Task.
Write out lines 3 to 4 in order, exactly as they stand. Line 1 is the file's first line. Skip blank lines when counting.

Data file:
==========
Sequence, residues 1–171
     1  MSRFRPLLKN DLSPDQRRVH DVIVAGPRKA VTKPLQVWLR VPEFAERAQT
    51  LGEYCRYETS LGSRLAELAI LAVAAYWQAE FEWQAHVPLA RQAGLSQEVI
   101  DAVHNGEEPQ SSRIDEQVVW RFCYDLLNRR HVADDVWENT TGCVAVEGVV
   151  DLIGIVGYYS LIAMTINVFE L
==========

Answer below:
    51  LGEYCRYETS LGSRLAELAI LAVAAYWQAE FEWQAHVPLA RQAGLSQEVI
   101  DAVHNGEEPQ SSRIDEQVVW RFCYDLLNRR HVADDVWENT TGCVAVEGVV